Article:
Took in Washington National Opera’s Candide, their season closer, and part of the celebration of the centenary of the maestro’s birth.
Been meaning to get down some things to say about it: the show was the usual mixed bag, and the production’s ineptitude–despite good voices and some strong performances–failed to solve the abundant problems. Is it an opera, an operetta, or a musical? Should the winking parody style of the musical numbers (including Gilbert and Sullivan and Jeanette MacDonald & Nelson Eddy) be reflected in the production or underplayed? How do you deal with the picaresque narrative, which jumps continents and timeframes in its catalog of disasters with cinematic rather that stage logic? And most of all what to do about the fact that, at its core, it’s not a drama: it’s a satire that centers on a philosophical issue rather than a character-driven conflict (the key ingredient of almost all successful operas*). The protagonists, without the directorial attention of a Mary Zimmermann, turn into very thinly drawn puppets. And even her musical comedy version was a bit like a revue (if winningly so).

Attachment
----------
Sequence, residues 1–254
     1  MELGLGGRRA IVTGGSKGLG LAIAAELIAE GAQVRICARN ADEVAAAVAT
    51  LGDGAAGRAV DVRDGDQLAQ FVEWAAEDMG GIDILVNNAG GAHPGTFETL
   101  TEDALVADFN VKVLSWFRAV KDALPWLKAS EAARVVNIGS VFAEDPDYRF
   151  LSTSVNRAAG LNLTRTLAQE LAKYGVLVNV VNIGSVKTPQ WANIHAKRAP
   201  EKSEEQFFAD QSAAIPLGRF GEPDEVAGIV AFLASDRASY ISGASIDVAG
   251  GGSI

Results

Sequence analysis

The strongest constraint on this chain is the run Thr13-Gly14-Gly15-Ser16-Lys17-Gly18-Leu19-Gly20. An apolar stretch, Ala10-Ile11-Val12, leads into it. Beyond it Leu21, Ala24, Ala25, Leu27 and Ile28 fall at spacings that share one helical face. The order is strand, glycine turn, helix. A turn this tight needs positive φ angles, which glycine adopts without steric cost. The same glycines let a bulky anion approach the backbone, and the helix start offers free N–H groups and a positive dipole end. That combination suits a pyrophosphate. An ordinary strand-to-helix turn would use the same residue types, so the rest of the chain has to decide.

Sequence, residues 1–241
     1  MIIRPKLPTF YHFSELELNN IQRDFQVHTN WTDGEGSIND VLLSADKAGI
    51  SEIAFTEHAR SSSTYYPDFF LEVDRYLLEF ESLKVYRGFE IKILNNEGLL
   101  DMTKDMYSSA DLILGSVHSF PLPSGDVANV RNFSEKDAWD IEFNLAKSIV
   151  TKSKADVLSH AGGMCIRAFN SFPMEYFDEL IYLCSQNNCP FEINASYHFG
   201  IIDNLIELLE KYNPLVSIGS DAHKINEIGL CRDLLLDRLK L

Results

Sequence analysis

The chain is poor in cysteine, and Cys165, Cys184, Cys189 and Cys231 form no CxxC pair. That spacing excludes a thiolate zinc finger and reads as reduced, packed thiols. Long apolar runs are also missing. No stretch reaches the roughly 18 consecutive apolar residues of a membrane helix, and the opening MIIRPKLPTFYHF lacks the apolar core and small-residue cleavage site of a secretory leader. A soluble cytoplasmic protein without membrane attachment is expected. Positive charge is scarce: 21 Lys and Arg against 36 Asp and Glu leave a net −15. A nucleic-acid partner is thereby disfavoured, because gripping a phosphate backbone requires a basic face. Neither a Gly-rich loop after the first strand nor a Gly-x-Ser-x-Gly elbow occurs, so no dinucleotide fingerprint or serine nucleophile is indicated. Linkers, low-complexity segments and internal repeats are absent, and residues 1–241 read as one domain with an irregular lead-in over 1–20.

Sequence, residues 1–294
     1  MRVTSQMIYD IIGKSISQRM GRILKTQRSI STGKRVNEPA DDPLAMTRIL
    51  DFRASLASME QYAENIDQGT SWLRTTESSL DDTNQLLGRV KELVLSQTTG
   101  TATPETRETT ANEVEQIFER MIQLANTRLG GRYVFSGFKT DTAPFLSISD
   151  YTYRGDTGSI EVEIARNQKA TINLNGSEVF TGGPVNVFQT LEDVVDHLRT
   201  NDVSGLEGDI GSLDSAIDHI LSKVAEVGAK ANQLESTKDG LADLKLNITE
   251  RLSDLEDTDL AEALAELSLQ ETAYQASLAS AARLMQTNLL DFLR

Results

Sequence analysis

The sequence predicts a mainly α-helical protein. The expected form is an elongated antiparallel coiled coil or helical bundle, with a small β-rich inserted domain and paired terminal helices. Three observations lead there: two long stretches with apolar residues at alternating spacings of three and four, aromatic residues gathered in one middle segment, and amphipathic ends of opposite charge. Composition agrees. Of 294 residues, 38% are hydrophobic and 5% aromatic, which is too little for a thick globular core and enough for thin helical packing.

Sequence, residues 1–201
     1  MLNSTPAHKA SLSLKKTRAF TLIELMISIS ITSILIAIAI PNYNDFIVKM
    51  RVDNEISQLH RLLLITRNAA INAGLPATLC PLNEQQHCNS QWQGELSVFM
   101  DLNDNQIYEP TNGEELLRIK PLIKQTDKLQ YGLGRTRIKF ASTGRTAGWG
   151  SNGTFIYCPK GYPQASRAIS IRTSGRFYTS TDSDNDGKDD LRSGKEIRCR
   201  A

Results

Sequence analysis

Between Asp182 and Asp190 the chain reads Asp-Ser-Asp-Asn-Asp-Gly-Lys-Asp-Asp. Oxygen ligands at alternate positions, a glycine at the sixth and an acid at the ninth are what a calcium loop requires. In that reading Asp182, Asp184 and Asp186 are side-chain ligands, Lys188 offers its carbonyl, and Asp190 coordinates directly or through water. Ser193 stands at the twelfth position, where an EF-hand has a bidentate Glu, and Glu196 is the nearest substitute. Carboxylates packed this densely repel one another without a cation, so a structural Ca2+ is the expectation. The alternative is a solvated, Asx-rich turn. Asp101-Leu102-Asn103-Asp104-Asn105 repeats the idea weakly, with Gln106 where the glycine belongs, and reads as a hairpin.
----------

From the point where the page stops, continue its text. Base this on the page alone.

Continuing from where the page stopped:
That said, if anybody could have done a music-theater piece about an idea, perhaps it was Lenny. After all, He did write a violin concerto about a Platonic dialogue. But even he never seemed to be able to pull the threads together on Candide, and although I don’t regret taking in WNO’s as they did right by the intermittently wonderful score, the show never quite lives up to that wonderful fizzy overture, here conducted by the man himself.
Perhaps somebody should do a movie–the material might not fight the form so intensely.
*Strauss’ Capriccio is perhaps another example of an opera based on an idea “words vs. music” but it has better character development, and still has some problems in the theater.